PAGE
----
We monitored 40 breeding colonies of barn swallows at Kraghede (57.22°N, 9.97°E), Denmark, during 1984–2013. This 45 km2 study area consists of scattered farms and houses interspersed by meadows and fields where the main crops are wheat and potatoes. APM captured barn swallows with mist nets at least once weekly throughout the breeding season, assuring that more than 95% of all adults are captured and measured annually. All individuals were provided with both metallic and colour rings. We assigned an age of 1 year to all barn swallows when captured the first time as adults. This assumption is supported because breeding dispersal is negligible in the study species. Only three of more than 5000 adults ever moved from one breeding colony to another, and then only a short distance of <750 m24. Therefore, we assumed that adult disappearance from the breeding population indicated mortality rather than dispersal5,7. Moreover, age assignment was also supported because age at first reproduction was at the age of one year for 100% of recruits. Fieldwork showed that from 315 recruits, all were captured for the first time as an adult when one year old, implying that no recruit was captured the first time when aged two or more years. Therefore, because capture effort was high every year, all recruits without metal rings should be yearlings coming from outside the study sites.

All captured birds were weighed with a Pesola spring balance to the nearest 0.1 g, and tail length was measured to the nearest mm with a ruler. We estimated breeding date of females as the date when they laid the first egg during the first brood, whereas breeding date of males was the date their mate’s laid their first egg. Laying date for females was assigned during weekly visits to nests assuming that one egg was laid daily. Males were assigned to their female patners by regular observations from a hide of colour ringed swallows at their nests using binoculars (8 × 30 Zeiss). We estimated reproductive success as the number of eggs laid and the number of fledglings raised during the first breeding attempt, because we expected that carry-over effects from the winter period would be easily detected during the first part of the breeding stage. Reproductive success at the first brood correlated well with total reproductive success (i.e. including subsequent broods), and so is a good proxy for breeding performance in this multi-brooded species24.

During the breeding seasons 2000 and 2016, we collected respectively 84 and 119 feather samples for later stable isotope analyses to identify winter origins. Feather samples from 2000 were taken from the red throat badge, whereas feather samples from 2016 were taken from the rectrix (i.e. outermost feather). Barn swallows usually moult their feathers in the African winter areas56,57, and furthermore they moult feathers continuously during almost the whole wintering stay (A. P. Møller, unpublished data from South Africa, Namibia and Ghana). Because feather keratin is metabolically inert after synthesis58, we were confident that our feather samples represent the isotopic values derived from the winter areas.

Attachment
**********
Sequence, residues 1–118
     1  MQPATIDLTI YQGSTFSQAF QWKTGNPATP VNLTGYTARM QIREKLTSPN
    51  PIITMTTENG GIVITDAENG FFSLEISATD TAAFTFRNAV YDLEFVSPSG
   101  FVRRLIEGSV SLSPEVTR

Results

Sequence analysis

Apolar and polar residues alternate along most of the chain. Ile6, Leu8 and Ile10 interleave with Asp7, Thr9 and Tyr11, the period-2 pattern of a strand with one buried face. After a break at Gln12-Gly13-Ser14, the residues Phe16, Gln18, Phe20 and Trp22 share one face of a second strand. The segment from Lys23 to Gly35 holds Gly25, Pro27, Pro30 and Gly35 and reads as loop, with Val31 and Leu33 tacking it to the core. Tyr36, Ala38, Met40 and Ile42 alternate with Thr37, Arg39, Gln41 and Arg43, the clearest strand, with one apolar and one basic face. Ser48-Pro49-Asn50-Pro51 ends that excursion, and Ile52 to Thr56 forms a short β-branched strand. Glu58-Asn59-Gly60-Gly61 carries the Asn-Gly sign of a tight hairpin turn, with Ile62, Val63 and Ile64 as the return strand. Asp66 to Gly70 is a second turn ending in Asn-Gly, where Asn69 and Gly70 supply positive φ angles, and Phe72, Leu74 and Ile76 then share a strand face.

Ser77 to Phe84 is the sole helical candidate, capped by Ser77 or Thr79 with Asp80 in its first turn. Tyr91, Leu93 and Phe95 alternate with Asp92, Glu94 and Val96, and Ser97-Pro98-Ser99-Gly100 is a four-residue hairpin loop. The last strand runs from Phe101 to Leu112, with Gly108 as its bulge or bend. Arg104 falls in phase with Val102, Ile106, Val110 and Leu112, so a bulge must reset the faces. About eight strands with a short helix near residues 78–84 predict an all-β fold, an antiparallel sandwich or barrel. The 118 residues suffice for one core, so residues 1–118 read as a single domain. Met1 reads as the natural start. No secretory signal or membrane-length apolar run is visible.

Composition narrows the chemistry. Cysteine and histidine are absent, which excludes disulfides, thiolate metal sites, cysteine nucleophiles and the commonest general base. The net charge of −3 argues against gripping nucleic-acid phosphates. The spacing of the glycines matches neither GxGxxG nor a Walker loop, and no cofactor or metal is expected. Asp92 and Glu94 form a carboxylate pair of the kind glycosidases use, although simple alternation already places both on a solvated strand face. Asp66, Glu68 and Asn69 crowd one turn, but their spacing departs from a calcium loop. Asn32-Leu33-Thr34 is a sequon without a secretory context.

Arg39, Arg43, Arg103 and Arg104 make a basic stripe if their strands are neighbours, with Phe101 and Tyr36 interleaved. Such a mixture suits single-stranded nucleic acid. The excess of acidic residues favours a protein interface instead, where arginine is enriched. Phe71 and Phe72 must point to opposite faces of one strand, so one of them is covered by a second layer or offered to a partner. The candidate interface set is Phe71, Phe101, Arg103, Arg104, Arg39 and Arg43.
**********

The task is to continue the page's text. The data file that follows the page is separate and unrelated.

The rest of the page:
Stable isotope analysis

All feathers were cleaned of surface oils in 2:1 chloroform:methanol solvent rinse and prepared for δ2H, δ13C and δ15N analysis. Deuterium abundance in the non-exchangeable hydrogen of feathers was determined following standard procedures59 and using three calibrated keratin hydrogen-isotope reference materials (CBS = −197‰; SPK = −121.6‰; KHS = −54.1‰). Deuterium measurement was performed on H2 gas derived from high-temperature (1350 °C) flash pyrolysis of 350 ± 10 µg feather subsamples and keratin standards. Measurement of the three keratin laboratory reference materials, corrected for linear instrumental drift, were both accurate and precise with typical within-run (n = 5) SD values of <2‰. On the other hand, δ13C and δ15N measurements were performed on CO2 and N2 gases resulted from combustion of 0.5–1.0 feather material. Using previously calibrated internal laboratory C and N standards [powdered keratin (BWBIII; δ13C = −20‰; δ15N = 14.4‰) and gelatin (PUGEL; δ13C = −13.6‰; δ15N = 4.73‰)], within run (n = 5) precisions for δ15N and δ13C measurements were ~ ± 0.15‰. Stable isotope ratios are reported in standard delta (δ) notation relative to VSMOW-SLAP (Vienna Standard Mean Ocean Water – Standard Light Antarctic Precipitation) for 2H/H, VPDB (Vienna Pee Dee Belemnite carbonate) for 13C/12C and atmospheric nitrogen for 15N/14N.

Combination of ringing recoveries and isotope analysis to identify winter areas

In June 2018, we requested access to all ringing recoveries of Palearctic barn swallows from The European Union for Bird Ringing (EURING). Every ringing scheme, except for the Copenhagen Bird Ringing Centre, agreed to share their data. We originally obtained a sample 2333 individuals that were ringed and recaptured across the barn swallow range60. We selected both kinds of recoveries of birds that were either dead or alive. We only retained records of birds captured either in the European breeding areas (from 36° to 66°N and from 9°W to 42°E) during May-August, or in the sub-Saharan wintering range (from 15°N to 35°S and from 17°W to 42°E) during November-February. Finally, because directions followed during migration depend on the longitude of breeding location, we filtered our data subset leaving only individuals whose breeding location was between 5°E and 15°E (i.e. a buffer zone in longitude around Denmark). Following this data filtering, our final sample size for ringing data was 253 individuals ringed in Europe and recaptured in sub-Saharan Africa (or vice versa).